Sunday, August 24, 2008
...and he sought a place to weep
Genesis 45: 1-15
Highland Avenue Church of the Brethren
August 17, 2008
The story of Joseph is a familiar one. It’s flashy and well-written, full of nice clothes, powerful people and brotherly betrayal. It is a story of Broadway musical caliber if there ever was one. You almost wonder why it took so long for the playwrights to stumble upon it and adapt it to the stage.
Just a re-cap: This story is familiar, but it never hurts to hear a good story one more time. Joseph was the favorite son of Jacob. You remember Jacob, right? He’s the little ankle-grabber who rode his brother’s coat-tails right out of the womb and then later on stole his rightful blessing from him by disguising himself and lying to his father. He’s the one who worked an extra seven years to get the second wife he really wanted and neglected his first one. Jacob is the character who wrestled the ultimate blessing out of a night-long struggle with an angel, the one whose name was changed to Israel, and whose offspring would become the children of God.
Joseph’s family history was by no means a dry or boring one, but his story beats even his father’s. Born as the first son of his father’s favorite wife, and born during Jacob’s old age, Joseph quickly became his father’s pet. To show his love, Jacob had a special coat made for Joseph – an outward sign of an inner family dynamic. Joseph’s beautiful coat, gift from his doting father, set him apart. And he wasn’t shy about making sure his brothers knew that he knew that he was special. By the time he was 17, his brothers already hated him – HATED him. “They could not,” the writer of Genesis tells us, “speak peaceably to him.”
When Joseph began having strange dreams about sheaves of wheat and the sun, moon, and stars bowing down to him, his family didn’t take it well. His brothers scoffed and chafed predictably, and even his father rebuked him. “No way,” said Jacob, the one who had schemed, tricked and wrestled with angels to make sure his dream for his future came true. He should have known how much like him his favorite son would be.
Still, Joseph remained his father’s favorite and his brothers’ target. You know the rest of this story. The jealous brothers sell Joseph into slavery. Jacob weeps for days. Joseph finds himself in one sticky situation after another: falling into the traps of Potiphar’s wife, getting thrown into prison, befriending jailors and servants and interpreting their dreams, rising into Pharaoh’s good graces by using the same dreaming talents that got him in trouble in the first place, and finally arriving as a trusted official in the Egyptian court.
Joseph, a Hebrew boy sold into slavery by his own brothers, thrown into prison by his beloved master, and forgotten by those he helped, somehow found his way to the top of the heap. He went from wandering through Jacob’s fields to sitting snugly in the halls of power, from the annoying little brother to Secretary of Agriculture, Vice President for Agricultural Affairs.
Of course, Joseph’s family was still back at home, oblivious to their little brother’s rise to power. And they were feeling the effects of the famine that Joseph had predicted. Word got around quickly that Egypt had found a solution to the problem, had prepared themselves for the worst, had found the foresight to fill the silos and prop up the levees before disaster struck. So, Jacob instructed his sons to go into Egypt and buy some food.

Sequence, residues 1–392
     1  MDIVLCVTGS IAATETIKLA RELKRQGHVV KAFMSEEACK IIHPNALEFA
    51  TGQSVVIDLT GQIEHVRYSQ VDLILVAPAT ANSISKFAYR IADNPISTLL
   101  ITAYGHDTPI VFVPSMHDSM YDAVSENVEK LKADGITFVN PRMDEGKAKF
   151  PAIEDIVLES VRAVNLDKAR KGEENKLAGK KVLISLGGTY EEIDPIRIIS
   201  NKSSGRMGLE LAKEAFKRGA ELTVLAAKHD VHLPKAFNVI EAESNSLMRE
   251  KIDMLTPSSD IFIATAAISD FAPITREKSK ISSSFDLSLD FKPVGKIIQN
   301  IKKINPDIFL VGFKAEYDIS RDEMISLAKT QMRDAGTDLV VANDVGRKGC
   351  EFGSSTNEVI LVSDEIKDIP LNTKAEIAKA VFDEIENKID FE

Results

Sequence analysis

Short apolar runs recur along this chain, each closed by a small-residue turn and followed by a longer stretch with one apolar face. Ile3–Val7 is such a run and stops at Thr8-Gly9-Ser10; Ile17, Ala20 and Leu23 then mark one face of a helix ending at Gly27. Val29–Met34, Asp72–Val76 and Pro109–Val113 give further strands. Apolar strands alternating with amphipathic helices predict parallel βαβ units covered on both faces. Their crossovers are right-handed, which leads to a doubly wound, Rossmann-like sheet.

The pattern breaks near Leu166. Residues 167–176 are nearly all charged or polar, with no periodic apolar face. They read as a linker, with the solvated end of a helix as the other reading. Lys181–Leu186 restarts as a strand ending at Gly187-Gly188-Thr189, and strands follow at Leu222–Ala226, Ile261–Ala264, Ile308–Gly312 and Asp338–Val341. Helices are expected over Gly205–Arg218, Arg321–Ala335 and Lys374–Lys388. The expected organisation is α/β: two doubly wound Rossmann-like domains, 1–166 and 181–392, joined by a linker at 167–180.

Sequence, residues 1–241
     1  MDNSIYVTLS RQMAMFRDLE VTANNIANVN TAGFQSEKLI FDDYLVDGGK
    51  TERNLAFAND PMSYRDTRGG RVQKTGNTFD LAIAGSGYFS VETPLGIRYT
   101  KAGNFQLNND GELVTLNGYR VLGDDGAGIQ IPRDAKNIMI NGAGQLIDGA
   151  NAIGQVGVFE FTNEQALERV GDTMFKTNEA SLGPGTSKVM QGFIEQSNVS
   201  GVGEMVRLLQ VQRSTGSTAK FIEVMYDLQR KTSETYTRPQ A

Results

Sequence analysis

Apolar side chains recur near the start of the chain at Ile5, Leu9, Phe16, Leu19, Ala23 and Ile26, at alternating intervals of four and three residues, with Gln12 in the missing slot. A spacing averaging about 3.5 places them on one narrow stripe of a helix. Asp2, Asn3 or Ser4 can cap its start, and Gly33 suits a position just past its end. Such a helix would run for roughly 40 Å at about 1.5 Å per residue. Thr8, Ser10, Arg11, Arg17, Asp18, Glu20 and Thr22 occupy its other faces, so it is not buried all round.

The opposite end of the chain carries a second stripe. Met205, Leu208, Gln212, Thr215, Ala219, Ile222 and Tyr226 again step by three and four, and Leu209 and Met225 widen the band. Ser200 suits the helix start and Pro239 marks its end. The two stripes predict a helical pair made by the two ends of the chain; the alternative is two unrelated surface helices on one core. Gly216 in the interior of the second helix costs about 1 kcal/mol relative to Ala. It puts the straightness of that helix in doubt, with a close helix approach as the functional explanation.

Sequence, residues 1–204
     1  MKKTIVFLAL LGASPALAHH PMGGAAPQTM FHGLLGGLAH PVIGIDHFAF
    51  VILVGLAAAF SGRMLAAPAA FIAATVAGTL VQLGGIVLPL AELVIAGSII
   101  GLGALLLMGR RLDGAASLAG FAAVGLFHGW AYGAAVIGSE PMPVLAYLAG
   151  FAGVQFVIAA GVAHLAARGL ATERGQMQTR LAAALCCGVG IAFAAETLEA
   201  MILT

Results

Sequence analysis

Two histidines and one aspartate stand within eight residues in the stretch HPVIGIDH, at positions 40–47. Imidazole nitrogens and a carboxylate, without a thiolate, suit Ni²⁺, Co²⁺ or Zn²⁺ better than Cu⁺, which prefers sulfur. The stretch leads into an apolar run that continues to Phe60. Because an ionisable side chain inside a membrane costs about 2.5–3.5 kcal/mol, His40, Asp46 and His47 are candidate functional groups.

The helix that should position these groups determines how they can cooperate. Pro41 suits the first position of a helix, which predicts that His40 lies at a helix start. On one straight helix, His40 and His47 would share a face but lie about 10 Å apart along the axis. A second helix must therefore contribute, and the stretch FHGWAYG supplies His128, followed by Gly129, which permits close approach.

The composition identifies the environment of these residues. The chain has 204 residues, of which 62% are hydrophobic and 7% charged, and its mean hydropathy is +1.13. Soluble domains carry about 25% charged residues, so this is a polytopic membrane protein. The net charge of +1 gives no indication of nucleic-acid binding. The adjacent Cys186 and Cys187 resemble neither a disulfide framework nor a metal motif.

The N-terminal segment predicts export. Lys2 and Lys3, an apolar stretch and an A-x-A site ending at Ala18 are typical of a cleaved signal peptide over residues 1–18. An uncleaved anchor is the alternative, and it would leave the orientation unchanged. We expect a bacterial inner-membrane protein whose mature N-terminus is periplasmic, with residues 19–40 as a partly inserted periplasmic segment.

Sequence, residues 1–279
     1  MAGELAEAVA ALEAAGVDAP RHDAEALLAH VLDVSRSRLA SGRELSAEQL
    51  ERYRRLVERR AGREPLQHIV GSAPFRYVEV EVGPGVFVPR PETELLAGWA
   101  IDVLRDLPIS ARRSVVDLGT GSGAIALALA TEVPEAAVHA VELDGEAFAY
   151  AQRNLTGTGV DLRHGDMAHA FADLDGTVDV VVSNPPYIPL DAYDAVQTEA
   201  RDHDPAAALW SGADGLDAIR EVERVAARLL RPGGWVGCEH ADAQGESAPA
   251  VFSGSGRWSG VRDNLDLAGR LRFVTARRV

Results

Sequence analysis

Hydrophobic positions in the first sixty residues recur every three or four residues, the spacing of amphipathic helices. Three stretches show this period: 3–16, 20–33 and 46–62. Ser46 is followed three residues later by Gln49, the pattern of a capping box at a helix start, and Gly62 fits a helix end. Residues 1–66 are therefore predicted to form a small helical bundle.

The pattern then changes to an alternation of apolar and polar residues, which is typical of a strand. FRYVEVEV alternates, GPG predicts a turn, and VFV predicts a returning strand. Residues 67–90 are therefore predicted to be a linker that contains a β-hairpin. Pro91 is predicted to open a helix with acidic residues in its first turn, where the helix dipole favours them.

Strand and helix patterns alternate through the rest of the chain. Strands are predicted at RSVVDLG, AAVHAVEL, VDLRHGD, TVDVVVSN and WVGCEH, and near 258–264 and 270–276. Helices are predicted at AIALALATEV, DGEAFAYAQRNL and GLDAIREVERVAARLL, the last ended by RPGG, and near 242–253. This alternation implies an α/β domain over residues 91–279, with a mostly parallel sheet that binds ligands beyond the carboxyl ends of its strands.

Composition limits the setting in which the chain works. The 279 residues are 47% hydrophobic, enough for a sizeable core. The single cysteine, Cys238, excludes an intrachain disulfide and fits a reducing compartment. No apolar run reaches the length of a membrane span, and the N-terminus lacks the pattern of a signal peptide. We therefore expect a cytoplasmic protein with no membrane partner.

Joseph, of course, recognized his brothers at once – how could you not remember those faces that stared down at you from the top of the pit into which they had thrown you, arguing about the price to be paid for your life? He didn’t break down, though, or let his brothers know that he knew who they were. Instead, he tricked them, lied to them, and threw them in prison. Sounds familiar, huh? What comes around goes around, he must have thought.
Joseph finally let his brothers go, but only after hiding the money they had brought to pay for the grain back in their sacks, admonishing them that the only way they would get their brother back would be to return to him with their youngest brother in tow, and putting Simeon in jail. He needed them, he said, to prove to him that they were honest people, good to their word. As they started down the road, the brothers opened their grain sacks, saw their money, realized that they would forever be seen as cheaters and thieves, and returned home to their father, with grain but without hope of ever seeing their brother Simeon again.
They returned home to Jacob, who was enraged. His children had long ago lost his favorite son, had just now traded another of his sons for collateral, and wanted to take his youngest back with them to try to undo the damage. Jacob flatly refused. But the famine went too long and the food too quickly, and the family once again faced the reality of their need. Jacob conceded. The brothers, and Benjamin, headed once again to Egypt.
This is where today’s story picks up. We enter the text after a long and convoluted family history, full of brotherly competition, family hatred, political trickery, and a very cloudy idea of who’s in the right and who’s in the wrong. Jacob, patriarch of this wily bunch, certainly wasn’t an easily categorized character. He lied. He cheated. He loved one wife more than another. He had favorites among his children. But he was also Israel, father of a nation. His family became the people of God. Joseph, too, is an ambiguous character. He was victim of his brothers’ schemes, yes, but probably also something of a twit, unsure of how to use his gifts in a graceful way. And now, here, as we enter into the story, he’s in the process of payback – tricking his brothers, getting them back for all the pain they inflicted on him years ago. There’s not a good guy or a bad guy in this story. We’re not sure whether evil will win or good will prevail, because we’re not sure which is which.
So. Back to the ambiguity. When the brothers return to Egypt, Joseph greets them in the palace. Overcome with such emotion at seeing his blood brother, Benjamin, he can barely acknowledge their presence and ask after their father before he runs from them, locks himself in his room, and falls on his bed, weeping. He collects himself, cleans himself up, and goes out again for dinner. To his brothers’ astonishment, Joseph shares generously with all of them. They expected wrath, and were met with gifts.
Still, Joseph doesn’t give up on his schemes. He still wants revenge. He hides his favorite cup in Benjamin’s bag, lets his brothers go with grain, and sends his servant after them to ask if they’ve stolen the chalice. “Of course not,” they rage. “Seriously! If you find that cup in any one of our bags, then that man shall die, and the rest of us will be Joseph’s servants! We did NOT steal it!” The servant opens the bags, and of course, it is Benjamin, beloved son of Jacob, who stands to lose his head. The brothers return, again, to Joseph, Judah in the lead pleading their case.